In case you are wondering, Day 7 was recovery (or rations) day at Tando Bone. It was supposed to be a day to enjoy the local area, however in truth, most were hanging out for something to do or trying to con the kitchen into providing extra supplements. Colin did his best to humour us in learning the Indonesian language and Phil proved that you can’t easily teach an old dog new tricks and became is one and only dropout. That night an accidental fire caused a massive bush fire on a ridge line near us (it’s so dry). The whole ridge glowed red and nothing could be done until it burnt itself out.
The 8th (or Delapan) day started off in the usual manner, breakfast at 8 am (though everyone was awake at 5 am), refugee boat departure at 10 am and on bikes by 11 am. Mike left behind a sizeable tip, ED left his sun glasses, Colin part of the lunch, & Phil stole a case of diarrhoea. Whilst we waited for the boat, Barry entertained us by washing himself with his undies after carefully removing them in the lake.
No sooner than we were on our bikes then we were off them again, waiting patiently for the road works to open at 12 noon. With a flourish of cars and trucks, it was a mad rush through 12 km of fine bull dust, even Robert having to stop cracking jokes for fear of eating his words, literally.
Ruth from Canada, where the wild things are, had been under poor suspension for the last week. Today she found form when her bike troubles were fixed. Also, having decided the risk of catching malaria was far better than the side effects of perpetual drug overdose, we were pleased to welcome her back into the fold.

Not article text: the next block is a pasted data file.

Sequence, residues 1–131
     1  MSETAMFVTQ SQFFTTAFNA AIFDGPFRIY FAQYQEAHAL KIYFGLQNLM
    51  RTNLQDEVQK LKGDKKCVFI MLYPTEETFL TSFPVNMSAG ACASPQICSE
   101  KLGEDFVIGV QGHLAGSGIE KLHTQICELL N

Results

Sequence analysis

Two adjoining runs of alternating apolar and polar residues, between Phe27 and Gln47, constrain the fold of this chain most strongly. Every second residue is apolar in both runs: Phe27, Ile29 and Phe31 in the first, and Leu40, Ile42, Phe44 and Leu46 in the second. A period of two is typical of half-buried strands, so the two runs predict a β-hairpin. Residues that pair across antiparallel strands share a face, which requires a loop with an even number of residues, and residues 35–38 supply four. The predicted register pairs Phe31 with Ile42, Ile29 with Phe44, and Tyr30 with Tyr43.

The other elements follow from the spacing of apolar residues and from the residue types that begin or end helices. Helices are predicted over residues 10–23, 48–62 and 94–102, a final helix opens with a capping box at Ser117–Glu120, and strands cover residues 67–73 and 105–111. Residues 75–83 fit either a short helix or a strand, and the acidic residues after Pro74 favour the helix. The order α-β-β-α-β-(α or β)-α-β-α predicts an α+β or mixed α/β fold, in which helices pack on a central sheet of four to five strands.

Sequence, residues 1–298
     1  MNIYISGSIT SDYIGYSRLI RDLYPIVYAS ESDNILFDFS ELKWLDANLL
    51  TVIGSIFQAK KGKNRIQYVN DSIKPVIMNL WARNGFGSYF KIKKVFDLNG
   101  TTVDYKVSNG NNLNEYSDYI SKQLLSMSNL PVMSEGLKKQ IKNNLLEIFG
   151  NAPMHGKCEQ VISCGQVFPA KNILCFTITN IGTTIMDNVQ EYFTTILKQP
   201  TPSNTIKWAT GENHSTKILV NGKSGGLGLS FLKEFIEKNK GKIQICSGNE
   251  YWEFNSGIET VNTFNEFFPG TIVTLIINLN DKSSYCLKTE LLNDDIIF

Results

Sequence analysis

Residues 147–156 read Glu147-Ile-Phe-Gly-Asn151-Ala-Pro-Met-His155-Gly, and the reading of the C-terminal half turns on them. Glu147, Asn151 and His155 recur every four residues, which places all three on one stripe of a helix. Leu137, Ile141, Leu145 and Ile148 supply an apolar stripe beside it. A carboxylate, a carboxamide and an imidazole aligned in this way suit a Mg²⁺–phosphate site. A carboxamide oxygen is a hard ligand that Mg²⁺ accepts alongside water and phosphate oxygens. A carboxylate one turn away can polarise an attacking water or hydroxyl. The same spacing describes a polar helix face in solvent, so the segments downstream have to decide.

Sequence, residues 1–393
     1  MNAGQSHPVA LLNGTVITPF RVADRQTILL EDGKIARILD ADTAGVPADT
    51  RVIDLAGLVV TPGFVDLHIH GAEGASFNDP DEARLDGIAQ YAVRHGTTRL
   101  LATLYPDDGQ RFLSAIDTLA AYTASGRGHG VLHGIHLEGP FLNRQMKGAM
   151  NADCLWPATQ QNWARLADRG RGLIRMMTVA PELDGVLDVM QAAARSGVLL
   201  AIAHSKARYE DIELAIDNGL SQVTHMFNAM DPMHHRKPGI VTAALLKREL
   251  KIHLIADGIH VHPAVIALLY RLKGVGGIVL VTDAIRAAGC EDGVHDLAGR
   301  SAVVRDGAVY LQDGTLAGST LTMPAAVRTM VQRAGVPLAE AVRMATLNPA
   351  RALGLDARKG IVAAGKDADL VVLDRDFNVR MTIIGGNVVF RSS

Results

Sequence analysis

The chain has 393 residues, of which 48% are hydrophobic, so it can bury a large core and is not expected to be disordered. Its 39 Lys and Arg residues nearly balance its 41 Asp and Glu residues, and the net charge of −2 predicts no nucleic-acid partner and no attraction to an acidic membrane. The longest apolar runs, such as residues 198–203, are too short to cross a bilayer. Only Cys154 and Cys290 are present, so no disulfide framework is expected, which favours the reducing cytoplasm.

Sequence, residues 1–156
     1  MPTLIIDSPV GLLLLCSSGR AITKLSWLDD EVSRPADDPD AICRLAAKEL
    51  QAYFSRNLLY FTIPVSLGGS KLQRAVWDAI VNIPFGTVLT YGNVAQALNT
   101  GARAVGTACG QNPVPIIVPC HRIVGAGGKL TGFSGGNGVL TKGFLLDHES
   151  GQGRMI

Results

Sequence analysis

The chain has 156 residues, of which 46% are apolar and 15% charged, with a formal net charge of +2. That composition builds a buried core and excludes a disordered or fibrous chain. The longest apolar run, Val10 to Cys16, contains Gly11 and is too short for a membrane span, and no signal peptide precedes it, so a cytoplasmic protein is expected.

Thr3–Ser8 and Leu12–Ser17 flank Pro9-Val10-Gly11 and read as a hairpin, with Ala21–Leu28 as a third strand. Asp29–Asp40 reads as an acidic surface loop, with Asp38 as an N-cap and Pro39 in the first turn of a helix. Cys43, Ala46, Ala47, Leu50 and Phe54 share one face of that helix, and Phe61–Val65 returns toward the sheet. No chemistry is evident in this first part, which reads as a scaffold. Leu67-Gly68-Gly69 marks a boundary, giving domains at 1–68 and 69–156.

Today’s bike trip involved retracing our steps down the mountains to Poso, and just as we did on the way up, included the obligatory swim in the river. This time the kids were waiting. So after lots of fun with them in the water ED handed out a couple of aussie caps and Rayner gave out coloured pencils all round.
Artichoke, our rear driver, introduced us to coconut juice. Just the thing to keep our energy up. The statisticians are frantically working out the cycle km per cup of juice efficiency we gain.
Arriving at the outskirts of Poso, the police stopped us and offered an escort. Andrew had to be constrained, and this helped us keep together down the main street, or at least on the numerous bypasses around it, as the main road was being bitumen resealed in peak hour. A Naval ship was docked at the town wharf so this may have impressed the local authority to do this roadwork.
Today, it was a fairly short, “downhill-ish” bike ride of about 67 km. We were delighted to be back in the same hotel, the one with broken toilet seats, no toilet paper and drops direct to the ocean below. Dinner was rice, vegetables and fish. By this time Phil was nowhere to be seen – the bathroom had become his friend.